A short article from TheP6Pro at Ten Six describing the process for creating a project level constraint in Primavera P6 EPPM Web that will produce negative float, if the schedule slips past this constraint.
It is best to avoid project constraints, however, sometimes they can describe the importance of a constraint that cannot be ignored. If this is your situation, than you want to become familiar with the procedure for creating a project level constraint in Primavera P6 Enterprise Project Portfolio Management (EPPM).
Generally, you want the schedule’s activity durations and corresponding relationships to determine the project completion date. There may be, however, external factors that are critical to consider and that may drive the schedule end date. You may have legal or environmental regulations that cannot be ignored. Environmental regulations include limitations placed on work sites during eagle nesting or salmon spawning seasons. You also may not be allowed to maintain a mobilized work state during race days at the track. Regardless of your restrictions Primavera P6 EPPM Web allows you to define a project constraint, so that you can consider your schedule situation and make adjustments, accordingly.
In this article we describe the process for creating a project level constraint in Primavera P6 EPPM Web that will produce negative float, if the schedule slips past this constraint.
Project Level Constraint
Our project is a steam line expansion joint replacement project. We are provided a small window of opportunity to make the expansion joint replacements, as the steam line services the hospital. If the project does not complete on time, it could delay scheduled hospital operations. These delayed operations could result in a potentially life threatening situation. It is therefore imperative that the expansion joint replacement project complete during the small window of opportunity provided by the hospital.
Our Steam Line Expansion Joint Replacement project is displayed in Figure 1.
As shown in the Figure, the project begins on Monday January 4th, 2016, and completes on Monday January 18th, 2016. The schedule completion date only considers activity duration estimates and the relationships between activities. It does not take into consideration any project constraint dates. The vast majority of activities (except two) on this project have a total float of zero, which indicates they are on the critical path.
The hospital has directed that the project commence on January 4th, 2016 and complete no later than close of business Thursday, January 14th, 2016. The completion date is a mandatory project constraint that must be adhered to or your project will impact the hospital schedule and, possibly, result in a life threatening situation. To make certain the project completes by the critical end date, you set a Must Finish By constraint on the project of January 14th, close of business.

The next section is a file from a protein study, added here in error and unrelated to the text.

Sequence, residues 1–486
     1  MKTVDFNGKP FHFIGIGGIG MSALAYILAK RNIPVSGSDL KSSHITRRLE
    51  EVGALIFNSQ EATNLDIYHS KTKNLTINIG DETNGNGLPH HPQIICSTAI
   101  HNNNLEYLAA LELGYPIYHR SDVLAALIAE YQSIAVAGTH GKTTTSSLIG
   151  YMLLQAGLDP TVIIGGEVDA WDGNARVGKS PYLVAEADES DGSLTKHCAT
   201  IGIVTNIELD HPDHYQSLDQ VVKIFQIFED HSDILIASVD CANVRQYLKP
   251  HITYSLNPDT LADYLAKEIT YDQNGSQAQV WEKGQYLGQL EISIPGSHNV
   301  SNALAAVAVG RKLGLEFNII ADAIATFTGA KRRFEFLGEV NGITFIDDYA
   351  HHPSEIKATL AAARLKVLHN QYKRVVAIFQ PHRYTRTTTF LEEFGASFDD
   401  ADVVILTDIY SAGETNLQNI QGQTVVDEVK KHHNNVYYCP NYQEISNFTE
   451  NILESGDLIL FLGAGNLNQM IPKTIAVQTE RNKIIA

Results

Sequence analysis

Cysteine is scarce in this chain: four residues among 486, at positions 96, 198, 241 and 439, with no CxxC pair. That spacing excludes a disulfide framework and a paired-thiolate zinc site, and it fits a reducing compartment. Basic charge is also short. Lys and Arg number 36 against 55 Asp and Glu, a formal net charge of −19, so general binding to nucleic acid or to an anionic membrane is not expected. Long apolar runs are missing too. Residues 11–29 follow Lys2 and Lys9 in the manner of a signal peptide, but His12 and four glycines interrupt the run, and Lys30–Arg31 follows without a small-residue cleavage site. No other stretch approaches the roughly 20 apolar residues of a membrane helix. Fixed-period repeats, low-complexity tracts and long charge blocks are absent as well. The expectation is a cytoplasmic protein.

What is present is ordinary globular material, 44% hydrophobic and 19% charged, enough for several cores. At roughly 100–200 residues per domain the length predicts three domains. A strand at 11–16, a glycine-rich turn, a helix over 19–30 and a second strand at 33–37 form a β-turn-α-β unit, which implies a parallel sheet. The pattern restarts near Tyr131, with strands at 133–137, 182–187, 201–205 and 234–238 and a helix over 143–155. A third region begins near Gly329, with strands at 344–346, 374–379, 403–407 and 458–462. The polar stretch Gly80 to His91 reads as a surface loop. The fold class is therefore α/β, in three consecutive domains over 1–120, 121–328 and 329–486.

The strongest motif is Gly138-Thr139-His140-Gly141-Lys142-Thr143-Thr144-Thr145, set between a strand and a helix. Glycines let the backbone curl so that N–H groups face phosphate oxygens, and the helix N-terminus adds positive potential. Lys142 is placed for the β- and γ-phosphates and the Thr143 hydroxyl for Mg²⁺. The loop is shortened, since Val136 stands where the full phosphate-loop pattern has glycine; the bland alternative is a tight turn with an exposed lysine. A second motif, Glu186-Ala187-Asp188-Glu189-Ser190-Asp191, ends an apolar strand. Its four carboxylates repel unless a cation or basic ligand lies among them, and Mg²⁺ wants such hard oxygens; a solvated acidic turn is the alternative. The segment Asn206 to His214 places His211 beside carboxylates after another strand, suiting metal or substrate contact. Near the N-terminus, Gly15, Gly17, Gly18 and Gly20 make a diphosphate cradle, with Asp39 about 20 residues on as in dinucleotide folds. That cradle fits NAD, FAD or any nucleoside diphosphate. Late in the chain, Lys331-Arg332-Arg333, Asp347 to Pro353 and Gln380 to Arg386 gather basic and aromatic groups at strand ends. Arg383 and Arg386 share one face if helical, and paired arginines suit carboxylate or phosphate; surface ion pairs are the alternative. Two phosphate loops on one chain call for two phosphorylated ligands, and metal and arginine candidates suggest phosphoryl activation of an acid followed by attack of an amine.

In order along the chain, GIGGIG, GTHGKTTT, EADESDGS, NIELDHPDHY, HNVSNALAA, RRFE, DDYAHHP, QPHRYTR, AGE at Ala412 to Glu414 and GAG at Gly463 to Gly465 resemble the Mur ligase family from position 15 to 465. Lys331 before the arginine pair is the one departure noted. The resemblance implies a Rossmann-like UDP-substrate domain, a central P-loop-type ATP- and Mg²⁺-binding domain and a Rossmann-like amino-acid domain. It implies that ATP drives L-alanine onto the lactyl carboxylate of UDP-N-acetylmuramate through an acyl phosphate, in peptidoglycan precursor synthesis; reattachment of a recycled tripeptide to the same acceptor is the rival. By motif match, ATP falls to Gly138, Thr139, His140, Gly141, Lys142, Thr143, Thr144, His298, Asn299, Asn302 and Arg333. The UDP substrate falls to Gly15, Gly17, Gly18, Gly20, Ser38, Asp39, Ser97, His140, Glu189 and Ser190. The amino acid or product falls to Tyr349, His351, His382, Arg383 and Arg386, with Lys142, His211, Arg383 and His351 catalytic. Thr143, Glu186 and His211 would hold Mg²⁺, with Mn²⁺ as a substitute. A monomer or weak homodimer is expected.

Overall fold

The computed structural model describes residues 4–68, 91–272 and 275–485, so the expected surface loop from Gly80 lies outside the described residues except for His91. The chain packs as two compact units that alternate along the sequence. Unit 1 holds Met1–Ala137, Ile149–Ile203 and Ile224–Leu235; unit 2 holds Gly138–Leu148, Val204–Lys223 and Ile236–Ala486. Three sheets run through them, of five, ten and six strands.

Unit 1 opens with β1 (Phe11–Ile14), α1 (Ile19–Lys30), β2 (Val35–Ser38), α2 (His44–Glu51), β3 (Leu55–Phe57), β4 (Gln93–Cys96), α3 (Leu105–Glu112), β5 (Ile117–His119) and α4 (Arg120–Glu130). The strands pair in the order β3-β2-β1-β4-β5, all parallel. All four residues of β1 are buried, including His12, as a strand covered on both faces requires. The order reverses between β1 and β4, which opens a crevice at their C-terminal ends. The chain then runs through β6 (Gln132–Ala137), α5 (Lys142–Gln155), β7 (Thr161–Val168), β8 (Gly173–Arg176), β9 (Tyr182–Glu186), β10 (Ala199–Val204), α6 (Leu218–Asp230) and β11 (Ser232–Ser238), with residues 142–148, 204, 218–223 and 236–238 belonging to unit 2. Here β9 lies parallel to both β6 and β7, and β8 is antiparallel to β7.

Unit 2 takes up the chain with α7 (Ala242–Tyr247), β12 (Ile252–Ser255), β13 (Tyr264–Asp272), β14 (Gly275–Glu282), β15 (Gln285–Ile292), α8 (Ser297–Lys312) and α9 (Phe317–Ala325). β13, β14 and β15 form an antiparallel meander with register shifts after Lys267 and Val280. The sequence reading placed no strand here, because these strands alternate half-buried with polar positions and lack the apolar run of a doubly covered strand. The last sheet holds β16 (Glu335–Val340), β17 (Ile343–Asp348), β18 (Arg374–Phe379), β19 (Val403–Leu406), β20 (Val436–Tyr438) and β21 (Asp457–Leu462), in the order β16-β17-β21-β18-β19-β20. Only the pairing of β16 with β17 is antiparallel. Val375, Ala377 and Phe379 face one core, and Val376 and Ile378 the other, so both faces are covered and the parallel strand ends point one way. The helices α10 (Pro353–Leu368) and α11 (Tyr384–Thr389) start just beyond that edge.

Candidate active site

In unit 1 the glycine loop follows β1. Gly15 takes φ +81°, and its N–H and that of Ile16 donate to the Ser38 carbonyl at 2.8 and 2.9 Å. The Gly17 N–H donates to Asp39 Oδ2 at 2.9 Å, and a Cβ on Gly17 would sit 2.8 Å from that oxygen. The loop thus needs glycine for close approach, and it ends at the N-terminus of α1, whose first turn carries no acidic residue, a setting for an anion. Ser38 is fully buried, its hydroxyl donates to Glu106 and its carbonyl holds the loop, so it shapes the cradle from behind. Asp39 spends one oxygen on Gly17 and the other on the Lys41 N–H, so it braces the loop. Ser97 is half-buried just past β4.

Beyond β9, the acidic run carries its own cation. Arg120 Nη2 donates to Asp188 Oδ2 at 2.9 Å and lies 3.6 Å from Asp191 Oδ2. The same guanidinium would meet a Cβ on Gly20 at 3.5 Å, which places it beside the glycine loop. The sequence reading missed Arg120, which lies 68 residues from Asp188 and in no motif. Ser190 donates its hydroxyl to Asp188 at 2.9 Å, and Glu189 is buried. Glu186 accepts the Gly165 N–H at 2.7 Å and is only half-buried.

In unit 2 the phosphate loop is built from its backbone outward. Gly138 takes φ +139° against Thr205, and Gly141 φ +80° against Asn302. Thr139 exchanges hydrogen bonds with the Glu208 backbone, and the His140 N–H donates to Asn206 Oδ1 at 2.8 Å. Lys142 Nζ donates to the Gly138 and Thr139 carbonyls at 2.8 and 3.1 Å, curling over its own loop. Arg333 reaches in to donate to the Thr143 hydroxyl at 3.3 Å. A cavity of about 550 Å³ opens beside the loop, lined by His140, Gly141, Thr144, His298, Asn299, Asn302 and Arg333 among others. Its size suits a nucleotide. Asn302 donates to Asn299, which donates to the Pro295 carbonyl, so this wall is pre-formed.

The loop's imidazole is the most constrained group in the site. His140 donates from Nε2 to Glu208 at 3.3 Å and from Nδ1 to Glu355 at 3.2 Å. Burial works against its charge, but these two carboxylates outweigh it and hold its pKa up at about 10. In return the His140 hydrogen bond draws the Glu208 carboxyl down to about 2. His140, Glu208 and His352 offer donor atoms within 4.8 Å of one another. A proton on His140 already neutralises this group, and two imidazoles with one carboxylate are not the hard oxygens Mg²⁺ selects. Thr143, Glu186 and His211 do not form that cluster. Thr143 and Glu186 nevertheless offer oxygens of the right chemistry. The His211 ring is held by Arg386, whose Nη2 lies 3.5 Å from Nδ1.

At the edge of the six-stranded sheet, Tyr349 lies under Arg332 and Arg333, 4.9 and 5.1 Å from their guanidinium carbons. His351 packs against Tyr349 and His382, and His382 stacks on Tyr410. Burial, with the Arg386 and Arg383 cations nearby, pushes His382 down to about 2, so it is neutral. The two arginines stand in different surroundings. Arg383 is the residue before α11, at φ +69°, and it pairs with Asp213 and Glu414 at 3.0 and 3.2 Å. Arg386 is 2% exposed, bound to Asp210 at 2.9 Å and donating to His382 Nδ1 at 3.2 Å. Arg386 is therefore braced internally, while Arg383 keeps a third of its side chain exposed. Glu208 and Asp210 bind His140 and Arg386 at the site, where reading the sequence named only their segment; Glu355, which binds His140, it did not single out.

The procedure for inserting this project constraint requires first setting the Time Format to display minutes. To change the preferences to show minutes select Administer | My Preferences. In the Date Format section of My Preferences set the Time Format to show minutes, Figure 2.
Second while in the EPS select the Expansion Joint Replacement project and in the bottom view select the General tab then set the Must Finish by date to January 14th, 2016 at 4:00 PM, Figure 3. Third recalculate the schedule.
Adjusting the Schedule
After recalculating the schedule, the Expansion Joint Replacement project schedule with the Must Finish By constraint is as displayed in Figure 4.
Note that activities on your critical path have a total float of minus 2-days. Your schedule therefore must make up 2 days. Inspection of the schedule reveals the most likely option is for the project manager to work overtime on the weekend to begin writing the quality assurance repost, and to complete it no later than close of business on Wednesday, January 13th.
Fast tracking the schedule by performing the North and South expansion joint removals and installations in parallel is not feasible, as you only have one welding crew. And decreasing the scope of work by only replacing one expansion joint is prohibitive.
The most possible and least impact option is for the project manager to work overtime on the weekend to begin writing the quality assurance report. However, this is an exercise to demonstrate how to apply a project Must Finish By constraint, and how to consider modifying the schedule accordingly. You apply the constraint in the EPS bottom pane General tab. The total float column in the activities view displays the impact the constraint has on the entire project. You then make the necessary schedule adjustments based on this information.
The Must Finish By project level constraint is a helpful feature to describe a completion date that must be adhered to. Inserting the constraint is a straight forward process. The challenge comes when you try to analyze the constraints impact on the schedule’s total float, and when you try to adjust the schedule accordingly. It is best to use project constraints sparingly. However, a project constraint may be needed to better understand a critical completion date’s impact on the schedule.
Source: Ten Six Consulting